The Closer Conundrum
The closer position is one of the biggest and most interesting questions for the Yankees into the winter. Unsurprisingly, Rafael Soriano opted out of his three-year, $35 million contract with the Yankees on Wednesday. Soriano’s agent, Scott Boras, is known to get the most money for his clients as possible.
“Scott Boras told me he was confident that he could get Rafael a $60-million contract for four years,” team president Randy Levine said. “We like Rafael Soriano. We want him back. If that’s what his agent can get him, I understand why he opted out.”
The Yankees will make Soriano a qualifying offer worth $13.3 million to assure themselves a draft pick if he leaves. The Yankees will have no interest in Soriano for a four-year contract, but they could be open to a two-year deal if Mariano Rivera does retire.
It will be interesting to see how much Soriano can get on the open market. Soraino had a stellar year for the Yankees filling in for the injured Rivera. He saved 42 games for the Yankees and pitched to a 2.26 ERA. However, teams have paid for over paying closers on the open market lately, which could limit Soriano’s value, especially since he is turning 33 next month.
The Yankees find themselves in a very tough situation in dealing with Soriano. Rivera, who initially vowed to comeback next season after tearing his ACL, has told Brian Cashman that he is undecided about his return. I see it as more of a negotiating ploy, as the Yankees may be hesitant to pay Rivera close to the money he has been making in the past, since he his 42 and coming off a serious injury. He has worked very hard in his rehab and is very prideful, so I see him returning.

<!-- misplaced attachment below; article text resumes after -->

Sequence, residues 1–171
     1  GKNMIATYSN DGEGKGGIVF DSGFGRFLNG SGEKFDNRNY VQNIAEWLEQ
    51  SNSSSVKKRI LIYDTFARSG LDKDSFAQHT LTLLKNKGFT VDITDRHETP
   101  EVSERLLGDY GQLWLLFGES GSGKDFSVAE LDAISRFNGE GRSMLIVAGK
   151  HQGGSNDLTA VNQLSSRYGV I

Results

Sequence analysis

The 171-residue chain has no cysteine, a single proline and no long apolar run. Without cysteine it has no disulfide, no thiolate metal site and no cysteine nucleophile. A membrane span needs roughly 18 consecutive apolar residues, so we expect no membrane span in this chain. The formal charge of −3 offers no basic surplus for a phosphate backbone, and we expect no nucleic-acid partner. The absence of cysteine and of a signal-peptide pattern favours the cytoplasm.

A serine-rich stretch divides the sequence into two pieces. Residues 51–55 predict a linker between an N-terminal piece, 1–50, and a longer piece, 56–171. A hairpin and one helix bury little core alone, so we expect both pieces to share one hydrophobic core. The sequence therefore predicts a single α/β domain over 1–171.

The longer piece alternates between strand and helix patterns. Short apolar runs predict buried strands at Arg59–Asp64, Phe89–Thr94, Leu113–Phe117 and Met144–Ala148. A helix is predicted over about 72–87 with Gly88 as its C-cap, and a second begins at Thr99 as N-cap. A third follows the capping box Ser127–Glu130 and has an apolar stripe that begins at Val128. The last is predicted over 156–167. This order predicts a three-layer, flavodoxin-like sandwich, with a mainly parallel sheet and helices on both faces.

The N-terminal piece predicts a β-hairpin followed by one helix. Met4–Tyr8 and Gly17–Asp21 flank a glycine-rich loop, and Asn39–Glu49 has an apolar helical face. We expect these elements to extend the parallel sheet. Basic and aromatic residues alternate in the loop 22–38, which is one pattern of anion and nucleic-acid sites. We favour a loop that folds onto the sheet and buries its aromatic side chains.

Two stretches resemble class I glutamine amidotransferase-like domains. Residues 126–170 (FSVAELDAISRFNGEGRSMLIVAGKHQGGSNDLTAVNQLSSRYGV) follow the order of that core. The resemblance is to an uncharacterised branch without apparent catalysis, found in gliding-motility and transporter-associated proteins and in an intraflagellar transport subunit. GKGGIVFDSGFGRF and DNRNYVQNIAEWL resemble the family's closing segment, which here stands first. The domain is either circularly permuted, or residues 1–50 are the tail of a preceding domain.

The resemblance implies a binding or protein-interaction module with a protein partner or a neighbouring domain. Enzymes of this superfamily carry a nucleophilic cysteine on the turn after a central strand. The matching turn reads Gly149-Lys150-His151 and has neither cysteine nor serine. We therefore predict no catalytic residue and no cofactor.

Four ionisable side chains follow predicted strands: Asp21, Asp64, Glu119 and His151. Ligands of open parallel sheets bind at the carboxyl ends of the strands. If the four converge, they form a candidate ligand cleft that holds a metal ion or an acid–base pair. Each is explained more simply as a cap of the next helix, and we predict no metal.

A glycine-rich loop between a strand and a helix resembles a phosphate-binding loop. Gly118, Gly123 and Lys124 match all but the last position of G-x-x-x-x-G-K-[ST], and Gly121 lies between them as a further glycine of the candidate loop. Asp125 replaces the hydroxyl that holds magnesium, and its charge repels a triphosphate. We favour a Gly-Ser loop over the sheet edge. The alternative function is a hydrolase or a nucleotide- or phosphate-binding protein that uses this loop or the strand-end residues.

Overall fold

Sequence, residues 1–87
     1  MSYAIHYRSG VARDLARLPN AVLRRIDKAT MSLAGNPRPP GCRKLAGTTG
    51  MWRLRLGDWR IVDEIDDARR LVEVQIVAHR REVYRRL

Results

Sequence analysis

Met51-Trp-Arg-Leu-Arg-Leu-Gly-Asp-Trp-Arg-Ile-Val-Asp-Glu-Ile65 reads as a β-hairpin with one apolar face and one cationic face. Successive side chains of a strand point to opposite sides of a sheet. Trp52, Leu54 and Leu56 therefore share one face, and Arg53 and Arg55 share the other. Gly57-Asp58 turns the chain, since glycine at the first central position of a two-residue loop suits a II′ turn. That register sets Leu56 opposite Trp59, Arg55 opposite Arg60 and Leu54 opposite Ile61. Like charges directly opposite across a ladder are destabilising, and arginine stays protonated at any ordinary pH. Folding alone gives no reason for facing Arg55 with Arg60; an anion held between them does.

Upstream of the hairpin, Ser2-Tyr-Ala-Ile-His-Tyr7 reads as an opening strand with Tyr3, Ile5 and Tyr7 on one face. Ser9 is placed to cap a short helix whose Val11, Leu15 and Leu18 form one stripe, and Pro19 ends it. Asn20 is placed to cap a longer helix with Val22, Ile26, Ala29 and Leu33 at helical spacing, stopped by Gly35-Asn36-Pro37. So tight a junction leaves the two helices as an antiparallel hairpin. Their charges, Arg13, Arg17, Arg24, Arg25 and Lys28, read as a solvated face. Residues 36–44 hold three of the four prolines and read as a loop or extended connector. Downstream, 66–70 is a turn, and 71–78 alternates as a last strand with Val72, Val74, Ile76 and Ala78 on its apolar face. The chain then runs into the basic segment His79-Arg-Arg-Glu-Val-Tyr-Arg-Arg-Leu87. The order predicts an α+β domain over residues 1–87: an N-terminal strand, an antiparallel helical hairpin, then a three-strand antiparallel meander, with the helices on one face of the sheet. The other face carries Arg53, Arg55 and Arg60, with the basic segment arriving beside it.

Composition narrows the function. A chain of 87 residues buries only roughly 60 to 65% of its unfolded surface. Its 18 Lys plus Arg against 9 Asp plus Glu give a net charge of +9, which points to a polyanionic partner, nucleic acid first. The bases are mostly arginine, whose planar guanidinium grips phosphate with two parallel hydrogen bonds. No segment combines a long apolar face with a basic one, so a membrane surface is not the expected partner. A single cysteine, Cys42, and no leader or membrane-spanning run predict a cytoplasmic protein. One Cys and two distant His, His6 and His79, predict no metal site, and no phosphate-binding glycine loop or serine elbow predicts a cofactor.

However, if Rivera doesn’t return, the Yankees do not want to get stuck without an experienced closer. David Robertson has been a great setup man for the Yankees, but he has been unimpressive in his few opportunities to close. Closing out the game in the ninth is much different from getting outs in the eighth. There is a huge difference in it mentally that certain pitchers can’t get past and Robertson may be one of those guys. The Yankees have been spoiled with the greatest closer ever for so long and by Soriano last year, but it is not that easy to find a good closer.
If the situation arises where Soriano goes elsewhere and Rivera retires two pitchers the Yankees should consider are Joakim Soria and Ryan Madson. In fact, they should pursue them either way. The Royals declined their option on Soria, who missed all of 2012 after having Tommy John surgery. Madson is another player who missed 2012 due to Tommy John surgery. Both pitchers were elite closers before their injuries and pitchers have been fine coming off Tommy John surgery lately.
The Yankees are in quite a bind here. Letting Soriano walk would mean they would be taking a big gamble that Rivera is healthy and effective in 2013. On the flip side, they don’t want to overspend on Soriano and have Rivera come back strong in 2013. Then, there is the doomsday scenario that I mentioned before; Soriano could move on to another team and Rivera could then retire, leaving the Yankees potentially stuck with an inexperienced closer in 2013.
Rivera is obviously a Yankees legend, so it will be interesting to see how much money he gets if he decides to return to the Yankees. The Yankees proved with Derek Jeter that they are not afraid to tell a legend that they will only pay him what they think he is worth. It is just another question, among many others, that the Yankees will face this offseason.